WEB207: Ass 2

We Shoot But Do We Think?

 

Society has dramatically altered since the advent of digital photography and its combination with other technologies. In recent years we have seen an avalanche of new electronic paraphernalia that incorporate digital cameras but as a society, we have not prepared ourselves for the impact they have made. The diversification of photography is no longer a realm for the educated or wealthy but now available to everyone. Photographic digitisation has lead to an influx of new ways of expressing yourself, initiating real consequences on how our society relates and uses digital imagery. In the last five years, we have seen striking technological advances in space photography, mining/underground photography and medical camera equipment. The Internet has also embraced user-created content by providing people with photo blogs, photo gallery sites, photo sharing sites and pages dedicated to digital scrapbooking. This convergence of cameras with other technology has led to unique accessibility of photography for people with all incomes and all walks of life. You can now find cameras merged with GPS systems, music players, mobile phones, watches, video cameras and alarm/security systems. This plethora of equipment allows us to digitally capture every moment in our lives, but the public has not primed itself for the ethical questions that converged photography may raise.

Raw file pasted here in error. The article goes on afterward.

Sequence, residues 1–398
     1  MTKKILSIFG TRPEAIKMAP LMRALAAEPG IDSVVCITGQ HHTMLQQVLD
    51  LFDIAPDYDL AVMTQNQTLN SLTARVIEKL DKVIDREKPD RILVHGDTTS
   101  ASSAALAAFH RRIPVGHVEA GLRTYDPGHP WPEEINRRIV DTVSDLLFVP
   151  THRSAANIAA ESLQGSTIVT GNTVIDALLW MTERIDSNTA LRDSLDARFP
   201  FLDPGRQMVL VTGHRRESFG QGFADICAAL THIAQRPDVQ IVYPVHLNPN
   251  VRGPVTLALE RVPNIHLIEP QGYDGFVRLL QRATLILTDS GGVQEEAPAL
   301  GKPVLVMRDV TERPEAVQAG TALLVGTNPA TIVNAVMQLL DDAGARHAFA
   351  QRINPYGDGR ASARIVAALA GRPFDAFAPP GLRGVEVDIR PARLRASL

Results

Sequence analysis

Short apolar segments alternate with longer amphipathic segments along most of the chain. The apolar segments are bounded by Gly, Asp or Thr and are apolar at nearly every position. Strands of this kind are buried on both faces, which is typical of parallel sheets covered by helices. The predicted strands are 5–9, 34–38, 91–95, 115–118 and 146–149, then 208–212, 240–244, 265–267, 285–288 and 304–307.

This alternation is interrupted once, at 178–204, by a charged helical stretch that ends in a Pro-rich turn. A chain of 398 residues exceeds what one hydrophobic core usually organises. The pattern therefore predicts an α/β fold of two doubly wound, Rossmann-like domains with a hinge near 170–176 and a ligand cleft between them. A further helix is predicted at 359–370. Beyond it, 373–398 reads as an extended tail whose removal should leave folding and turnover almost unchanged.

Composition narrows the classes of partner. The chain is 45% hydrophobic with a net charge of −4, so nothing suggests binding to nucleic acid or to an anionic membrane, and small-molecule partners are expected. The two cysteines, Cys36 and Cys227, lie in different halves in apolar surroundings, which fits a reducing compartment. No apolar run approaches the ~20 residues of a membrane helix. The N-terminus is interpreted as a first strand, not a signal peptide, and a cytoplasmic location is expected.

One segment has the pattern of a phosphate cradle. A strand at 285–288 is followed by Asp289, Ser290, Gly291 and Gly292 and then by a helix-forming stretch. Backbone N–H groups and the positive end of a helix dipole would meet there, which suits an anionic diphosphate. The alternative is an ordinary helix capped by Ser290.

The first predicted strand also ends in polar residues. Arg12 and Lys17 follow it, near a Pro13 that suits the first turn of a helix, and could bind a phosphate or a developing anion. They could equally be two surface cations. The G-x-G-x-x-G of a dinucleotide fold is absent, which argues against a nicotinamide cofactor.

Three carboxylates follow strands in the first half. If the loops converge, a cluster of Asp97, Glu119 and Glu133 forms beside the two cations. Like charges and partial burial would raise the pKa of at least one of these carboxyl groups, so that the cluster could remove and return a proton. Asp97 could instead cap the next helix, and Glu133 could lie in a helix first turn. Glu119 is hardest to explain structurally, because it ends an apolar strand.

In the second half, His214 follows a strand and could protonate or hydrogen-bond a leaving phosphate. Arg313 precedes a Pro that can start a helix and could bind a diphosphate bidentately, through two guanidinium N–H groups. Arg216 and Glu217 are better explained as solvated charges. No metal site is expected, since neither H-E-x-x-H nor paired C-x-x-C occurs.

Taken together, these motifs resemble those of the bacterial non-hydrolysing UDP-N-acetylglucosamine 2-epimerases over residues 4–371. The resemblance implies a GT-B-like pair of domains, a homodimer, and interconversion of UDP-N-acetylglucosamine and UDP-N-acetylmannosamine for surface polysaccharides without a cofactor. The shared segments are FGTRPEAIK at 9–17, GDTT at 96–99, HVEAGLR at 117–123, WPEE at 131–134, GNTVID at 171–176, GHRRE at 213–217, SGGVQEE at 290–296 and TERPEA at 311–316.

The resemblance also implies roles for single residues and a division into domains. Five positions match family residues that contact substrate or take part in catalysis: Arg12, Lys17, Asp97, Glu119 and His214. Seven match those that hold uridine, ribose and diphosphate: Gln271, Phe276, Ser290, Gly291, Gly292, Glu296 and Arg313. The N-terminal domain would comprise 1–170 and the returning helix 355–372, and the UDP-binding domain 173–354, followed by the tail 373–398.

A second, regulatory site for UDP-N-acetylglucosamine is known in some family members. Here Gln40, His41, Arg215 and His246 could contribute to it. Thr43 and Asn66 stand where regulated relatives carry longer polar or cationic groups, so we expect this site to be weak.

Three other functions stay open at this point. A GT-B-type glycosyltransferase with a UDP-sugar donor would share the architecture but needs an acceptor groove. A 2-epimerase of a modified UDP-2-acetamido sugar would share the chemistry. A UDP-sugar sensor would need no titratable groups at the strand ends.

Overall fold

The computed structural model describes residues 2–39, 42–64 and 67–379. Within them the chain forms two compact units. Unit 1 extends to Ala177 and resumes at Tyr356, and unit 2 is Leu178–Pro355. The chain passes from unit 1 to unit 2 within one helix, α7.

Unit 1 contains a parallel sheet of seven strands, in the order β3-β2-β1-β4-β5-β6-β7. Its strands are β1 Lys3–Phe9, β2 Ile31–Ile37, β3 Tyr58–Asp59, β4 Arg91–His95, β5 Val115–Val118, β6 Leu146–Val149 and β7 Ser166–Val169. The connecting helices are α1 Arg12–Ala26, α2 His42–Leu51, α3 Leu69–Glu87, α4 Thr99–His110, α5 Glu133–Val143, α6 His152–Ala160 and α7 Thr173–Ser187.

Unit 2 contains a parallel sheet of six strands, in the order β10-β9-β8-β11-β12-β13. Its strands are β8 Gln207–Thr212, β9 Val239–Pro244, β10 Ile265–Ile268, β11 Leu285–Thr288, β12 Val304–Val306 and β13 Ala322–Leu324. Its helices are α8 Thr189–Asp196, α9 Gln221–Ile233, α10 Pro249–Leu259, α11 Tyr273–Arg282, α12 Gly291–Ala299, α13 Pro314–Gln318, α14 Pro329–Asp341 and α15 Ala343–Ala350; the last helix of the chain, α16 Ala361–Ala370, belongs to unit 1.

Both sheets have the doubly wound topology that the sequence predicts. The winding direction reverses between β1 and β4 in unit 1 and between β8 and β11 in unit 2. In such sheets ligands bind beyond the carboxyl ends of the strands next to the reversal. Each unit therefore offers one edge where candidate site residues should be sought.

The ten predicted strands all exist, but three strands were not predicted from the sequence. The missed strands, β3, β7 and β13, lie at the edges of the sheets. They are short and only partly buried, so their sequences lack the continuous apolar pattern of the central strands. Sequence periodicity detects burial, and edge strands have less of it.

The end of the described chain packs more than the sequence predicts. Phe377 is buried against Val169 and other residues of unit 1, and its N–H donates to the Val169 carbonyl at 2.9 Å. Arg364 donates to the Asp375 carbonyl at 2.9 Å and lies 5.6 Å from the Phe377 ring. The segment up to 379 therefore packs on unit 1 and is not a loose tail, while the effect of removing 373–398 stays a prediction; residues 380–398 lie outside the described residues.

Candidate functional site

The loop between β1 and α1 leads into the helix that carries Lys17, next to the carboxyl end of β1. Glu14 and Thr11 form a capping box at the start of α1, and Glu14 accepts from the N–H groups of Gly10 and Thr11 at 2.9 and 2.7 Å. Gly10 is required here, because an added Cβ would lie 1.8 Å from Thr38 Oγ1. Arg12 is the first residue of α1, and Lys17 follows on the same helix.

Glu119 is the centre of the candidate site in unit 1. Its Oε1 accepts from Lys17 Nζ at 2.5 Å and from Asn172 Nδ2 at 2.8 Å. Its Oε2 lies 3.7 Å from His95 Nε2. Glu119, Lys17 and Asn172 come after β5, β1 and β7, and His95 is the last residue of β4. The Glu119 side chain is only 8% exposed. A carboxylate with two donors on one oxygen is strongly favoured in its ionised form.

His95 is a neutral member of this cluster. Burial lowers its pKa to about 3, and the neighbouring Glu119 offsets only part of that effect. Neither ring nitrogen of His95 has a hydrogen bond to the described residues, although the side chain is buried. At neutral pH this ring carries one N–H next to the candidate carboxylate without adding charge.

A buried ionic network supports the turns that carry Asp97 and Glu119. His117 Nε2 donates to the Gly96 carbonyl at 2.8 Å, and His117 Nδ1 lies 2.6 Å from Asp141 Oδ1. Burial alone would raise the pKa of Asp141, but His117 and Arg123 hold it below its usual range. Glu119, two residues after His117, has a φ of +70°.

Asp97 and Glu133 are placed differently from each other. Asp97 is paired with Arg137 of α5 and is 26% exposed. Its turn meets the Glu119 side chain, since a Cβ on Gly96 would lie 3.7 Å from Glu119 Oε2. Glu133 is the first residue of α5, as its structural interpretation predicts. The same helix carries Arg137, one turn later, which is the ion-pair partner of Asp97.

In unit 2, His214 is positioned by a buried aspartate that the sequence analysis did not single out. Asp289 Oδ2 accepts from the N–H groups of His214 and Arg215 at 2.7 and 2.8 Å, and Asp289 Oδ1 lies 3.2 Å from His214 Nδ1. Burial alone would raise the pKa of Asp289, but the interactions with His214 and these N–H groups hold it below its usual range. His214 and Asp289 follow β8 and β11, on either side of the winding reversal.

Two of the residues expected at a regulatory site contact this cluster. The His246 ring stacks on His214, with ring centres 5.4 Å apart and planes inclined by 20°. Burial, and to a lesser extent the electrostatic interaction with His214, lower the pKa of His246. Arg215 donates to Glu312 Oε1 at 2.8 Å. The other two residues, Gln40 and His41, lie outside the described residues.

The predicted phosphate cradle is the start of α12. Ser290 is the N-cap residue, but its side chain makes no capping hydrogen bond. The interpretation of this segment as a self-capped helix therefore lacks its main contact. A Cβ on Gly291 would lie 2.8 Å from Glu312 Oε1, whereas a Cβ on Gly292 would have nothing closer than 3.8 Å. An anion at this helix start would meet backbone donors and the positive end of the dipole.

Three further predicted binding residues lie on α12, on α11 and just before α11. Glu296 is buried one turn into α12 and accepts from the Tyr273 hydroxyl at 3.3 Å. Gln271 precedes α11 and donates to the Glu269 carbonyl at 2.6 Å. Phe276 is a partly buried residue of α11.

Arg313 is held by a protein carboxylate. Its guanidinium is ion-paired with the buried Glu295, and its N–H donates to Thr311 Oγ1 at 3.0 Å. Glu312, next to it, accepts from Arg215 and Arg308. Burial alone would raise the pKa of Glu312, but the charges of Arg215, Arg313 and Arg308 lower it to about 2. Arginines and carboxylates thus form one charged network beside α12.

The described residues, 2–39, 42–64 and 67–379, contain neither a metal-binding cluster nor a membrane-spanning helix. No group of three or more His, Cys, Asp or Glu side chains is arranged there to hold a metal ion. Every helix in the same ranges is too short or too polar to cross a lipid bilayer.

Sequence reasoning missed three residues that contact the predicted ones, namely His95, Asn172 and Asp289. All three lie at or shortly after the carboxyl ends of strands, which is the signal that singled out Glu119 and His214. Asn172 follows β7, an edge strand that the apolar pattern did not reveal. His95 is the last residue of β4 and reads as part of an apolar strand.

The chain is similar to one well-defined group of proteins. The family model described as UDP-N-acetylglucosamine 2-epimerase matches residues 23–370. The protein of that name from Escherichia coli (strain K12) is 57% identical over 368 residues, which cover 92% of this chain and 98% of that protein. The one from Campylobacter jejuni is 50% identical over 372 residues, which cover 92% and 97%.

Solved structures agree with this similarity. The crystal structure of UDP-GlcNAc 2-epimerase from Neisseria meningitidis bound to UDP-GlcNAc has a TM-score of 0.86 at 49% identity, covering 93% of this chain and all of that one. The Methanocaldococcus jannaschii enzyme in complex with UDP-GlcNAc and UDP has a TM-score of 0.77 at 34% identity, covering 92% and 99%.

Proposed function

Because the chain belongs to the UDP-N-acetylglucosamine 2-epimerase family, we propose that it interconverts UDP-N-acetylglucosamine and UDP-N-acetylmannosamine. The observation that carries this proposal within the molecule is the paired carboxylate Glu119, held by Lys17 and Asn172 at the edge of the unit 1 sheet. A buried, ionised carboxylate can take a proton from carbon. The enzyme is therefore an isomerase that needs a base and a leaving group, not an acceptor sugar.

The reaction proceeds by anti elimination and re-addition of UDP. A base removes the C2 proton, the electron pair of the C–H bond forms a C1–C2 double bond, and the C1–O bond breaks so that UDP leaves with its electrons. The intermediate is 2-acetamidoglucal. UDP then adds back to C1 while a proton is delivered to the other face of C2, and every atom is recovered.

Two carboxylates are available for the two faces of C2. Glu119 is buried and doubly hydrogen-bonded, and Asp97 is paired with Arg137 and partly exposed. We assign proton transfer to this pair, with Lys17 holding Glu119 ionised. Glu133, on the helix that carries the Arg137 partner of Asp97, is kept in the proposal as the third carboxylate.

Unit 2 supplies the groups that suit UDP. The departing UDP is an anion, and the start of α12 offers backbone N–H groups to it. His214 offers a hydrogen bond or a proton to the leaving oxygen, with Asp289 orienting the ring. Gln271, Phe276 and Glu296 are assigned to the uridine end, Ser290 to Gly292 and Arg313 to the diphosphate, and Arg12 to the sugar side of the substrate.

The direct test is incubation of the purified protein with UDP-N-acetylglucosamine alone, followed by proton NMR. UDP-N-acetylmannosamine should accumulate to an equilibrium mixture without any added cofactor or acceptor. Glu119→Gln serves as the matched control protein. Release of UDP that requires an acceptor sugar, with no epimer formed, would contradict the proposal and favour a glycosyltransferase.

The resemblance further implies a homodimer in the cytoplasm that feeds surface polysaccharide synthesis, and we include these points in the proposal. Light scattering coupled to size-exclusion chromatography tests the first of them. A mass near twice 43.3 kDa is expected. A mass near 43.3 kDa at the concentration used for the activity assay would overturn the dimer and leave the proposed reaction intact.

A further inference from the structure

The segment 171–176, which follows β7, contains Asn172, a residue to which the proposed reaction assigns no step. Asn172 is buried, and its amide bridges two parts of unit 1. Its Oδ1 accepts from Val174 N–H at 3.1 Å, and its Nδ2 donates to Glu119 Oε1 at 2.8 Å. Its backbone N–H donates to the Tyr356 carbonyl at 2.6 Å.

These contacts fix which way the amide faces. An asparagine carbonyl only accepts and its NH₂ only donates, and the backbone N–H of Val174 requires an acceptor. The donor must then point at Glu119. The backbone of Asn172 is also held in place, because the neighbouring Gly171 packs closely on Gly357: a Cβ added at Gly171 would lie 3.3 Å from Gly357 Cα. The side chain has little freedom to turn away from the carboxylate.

One of the most compelling consequences of digitisation in photography has been the accessibility of cameras for all people. Digital photography has become ubiquitous in everyday life (Cobley & Haeffner, 2009). Wherever you turn, there is a camera somewhere: in a portable device, on a street corner or wrapped around the neck of a tourist. Due to the emergence of digital formats, the cost of photography has dramatically reduced: camera equipment, photo printing and photographic accessories have much lower price points than in previous decades. Moore’s Law shows the cost of technology will be halved every two years (Mueller, 1999). Because of this pervasive affordability, digitisation of cameras allows amateur photographers to view, modify and correct results while on the fly. It has also resulted in a more ‘disposable‘response from developed communities as ‘poor’ images are deleted either directly from the device or later from the computer (Van Dijck, 2008). If we don’t like an image, we can remove it forever or we can apply modifications using applications on portable devices (eg: iPhone, iPod, DS consoles) or computer software (eg: Photoshop).